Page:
Leto, who sings, plays guitar and writes the 30 Seconds to Mars songs, will soon release a video for his band's new single, "The Kill" based on Stanley Kubrick's adaptation of the horror masterpiece "The Shining"

"It's a light homage," Leto, 34, told Reuters on Monday during a phone interview en route to a performance in San Diego. "I wanted to show four guys facing their identity. The foundation of this nightmare of isolation, madness and fear was the starting point, but there are some more avenues explored."

Filmed in Toronto, the video, a rough cut of which was provided to Reuters, shows the band spending some winter time in a deserted hotel and is peppered with references to Kubrick's film.

The band is seen skateboarding through meandering hallways and performing at a 1920's period ballroom party. When a member fails to stay away from a forbidden room, he is seduced by a ghostly apparition.

Eventually, the four musicians confront their alter egos as the video explores the idea of duplicity in a perhaps unintended parallel to Leto's double career.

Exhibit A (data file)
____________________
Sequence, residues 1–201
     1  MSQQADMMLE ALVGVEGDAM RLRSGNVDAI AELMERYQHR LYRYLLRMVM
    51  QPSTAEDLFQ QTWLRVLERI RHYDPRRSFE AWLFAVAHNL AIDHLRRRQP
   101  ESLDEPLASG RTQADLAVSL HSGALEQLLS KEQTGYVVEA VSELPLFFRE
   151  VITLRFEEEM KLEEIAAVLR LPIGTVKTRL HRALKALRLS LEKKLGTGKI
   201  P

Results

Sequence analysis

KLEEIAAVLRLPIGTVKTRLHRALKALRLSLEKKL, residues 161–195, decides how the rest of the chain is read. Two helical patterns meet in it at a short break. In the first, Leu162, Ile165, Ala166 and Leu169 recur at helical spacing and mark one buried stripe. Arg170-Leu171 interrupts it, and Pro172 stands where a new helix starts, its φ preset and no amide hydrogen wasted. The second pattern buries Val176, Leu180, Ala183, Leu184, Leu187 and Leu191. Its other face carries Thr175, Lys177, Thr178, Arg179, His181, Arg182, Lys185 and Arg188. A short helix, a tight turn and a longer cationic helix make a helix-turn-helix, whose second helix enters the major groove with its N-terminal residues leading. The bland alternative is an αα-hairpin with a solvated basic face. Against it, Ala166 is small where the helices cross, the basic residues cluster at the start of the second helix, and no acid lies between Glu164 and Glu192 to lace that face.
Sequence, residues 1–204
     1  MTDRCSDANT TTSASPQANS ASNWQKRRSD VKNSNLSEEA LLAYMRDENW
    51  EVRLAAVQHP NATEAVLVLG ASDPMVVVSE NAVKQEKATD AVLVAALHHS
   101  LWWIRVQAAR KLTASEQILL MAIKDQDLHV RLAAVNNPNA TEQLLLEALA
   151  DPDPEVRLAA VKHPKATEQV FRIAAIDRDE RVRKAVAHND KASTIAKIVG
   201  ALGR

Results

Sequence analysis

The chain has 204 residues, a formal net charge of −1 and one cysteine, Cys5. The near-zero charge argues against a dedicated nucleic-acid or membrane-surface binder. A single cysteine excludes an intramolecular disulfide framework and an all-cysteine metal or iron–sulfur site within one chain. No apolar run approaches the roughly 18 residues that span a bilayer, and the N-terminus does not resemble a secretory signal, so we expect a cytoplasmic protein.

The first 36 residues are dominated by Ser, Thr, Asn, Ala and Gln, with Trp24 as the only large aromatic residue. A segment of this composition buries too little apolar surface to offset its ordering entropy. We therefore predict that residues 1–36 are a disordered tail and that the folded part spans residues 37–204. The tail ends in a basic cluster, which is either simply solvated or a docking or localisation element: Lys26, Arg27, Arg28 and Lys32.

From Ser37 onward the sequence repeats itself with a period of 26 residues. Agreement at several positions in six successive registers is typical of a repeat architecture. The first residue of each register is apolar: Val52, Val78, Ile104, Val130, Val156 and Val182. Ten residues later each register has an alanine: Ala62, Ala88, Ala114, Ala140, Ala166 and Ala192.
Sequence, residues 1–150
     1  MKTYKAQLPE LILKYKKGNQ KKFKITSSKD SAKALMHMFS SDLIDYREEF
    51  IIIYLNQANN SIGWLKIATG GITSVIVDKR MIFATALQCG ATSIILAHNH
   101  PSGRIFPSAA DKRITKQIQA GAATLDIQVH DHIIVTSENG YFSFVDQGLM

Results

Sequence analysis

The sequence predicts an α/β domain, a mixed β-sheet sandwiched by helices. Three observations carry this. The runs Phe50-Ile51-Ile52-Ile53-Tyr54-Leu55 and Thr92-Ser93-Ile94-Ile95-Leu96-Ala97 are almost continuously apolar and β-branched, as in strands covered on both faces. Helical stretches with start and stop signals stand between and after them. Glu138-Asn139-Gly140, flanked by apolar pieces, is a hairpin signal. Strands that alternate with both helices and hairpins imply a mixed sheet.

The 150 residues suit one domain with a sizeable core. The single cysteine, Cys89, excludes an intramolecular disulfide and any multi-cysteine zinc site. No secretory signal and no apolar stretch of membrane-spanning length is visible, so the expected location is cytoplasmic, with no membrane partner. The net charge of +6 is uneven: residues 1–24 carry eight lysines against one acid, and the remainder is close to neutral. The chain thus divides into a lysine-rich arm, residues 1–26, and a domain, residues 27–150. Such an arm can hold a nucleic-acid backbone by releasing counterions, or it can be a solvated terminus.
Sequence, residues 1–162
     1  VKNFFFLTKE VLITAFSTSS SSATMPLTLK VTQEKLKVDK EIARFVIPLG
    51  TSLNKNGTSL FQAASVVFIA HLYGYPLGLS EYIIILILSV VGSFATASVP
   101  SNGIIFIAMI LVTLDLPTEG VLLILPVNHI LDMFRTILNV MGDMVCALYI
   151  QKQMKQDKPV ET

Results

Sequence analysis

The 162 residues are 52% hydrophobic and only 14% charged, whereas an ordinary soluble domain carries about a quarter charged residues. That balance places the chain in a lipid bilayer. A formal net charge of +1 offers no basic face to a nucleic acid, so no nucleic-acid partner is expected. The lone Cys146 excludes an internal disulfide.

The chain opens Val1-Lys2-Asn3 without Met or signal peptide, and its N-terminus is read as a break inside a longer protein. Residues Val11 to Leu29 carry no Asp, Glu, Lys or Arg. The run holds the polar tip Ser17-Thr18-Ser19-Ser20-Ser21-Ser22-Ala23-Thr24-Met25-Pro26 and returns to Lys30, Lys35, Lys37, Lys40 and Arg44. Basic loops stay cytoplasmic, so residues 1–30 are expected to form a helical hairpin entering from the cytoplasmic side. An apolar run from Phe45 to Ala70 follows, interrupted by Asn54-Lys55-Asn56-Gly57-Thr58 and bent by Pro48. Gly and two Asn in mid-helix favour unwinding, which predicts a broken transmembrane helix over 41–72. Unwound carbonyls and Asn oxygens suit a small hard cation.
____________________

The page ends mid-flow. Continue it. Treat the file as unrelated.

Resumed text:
"I'm not as fascinated by these two singular elements, there are other things that I do as well, but there are a lot of interesting parallels you can make regarding self-discovery and identity," he said.

Other actors such as Bruce Willis, Juliette Lewis and Kevin Bacon have tried their hand at music, but never made a sustained commercial impact.

Leto, who sports black painted nails and eyeliner in the video, has forged a contemporary, radio-friendly sound for his band, with strident angst-ridden vocals and cinematic arrangements.

"It's nice to be seen as a legitimate example of how to do things the right way," he said. "If the music is horrible, people won't listen, but if it's good some people will listen and will look beyond the stereotype."

Members of the 30 Seconds to Mars fan club, The Echelon, will get to see the video on the Internet within a week or so, according to Virgin.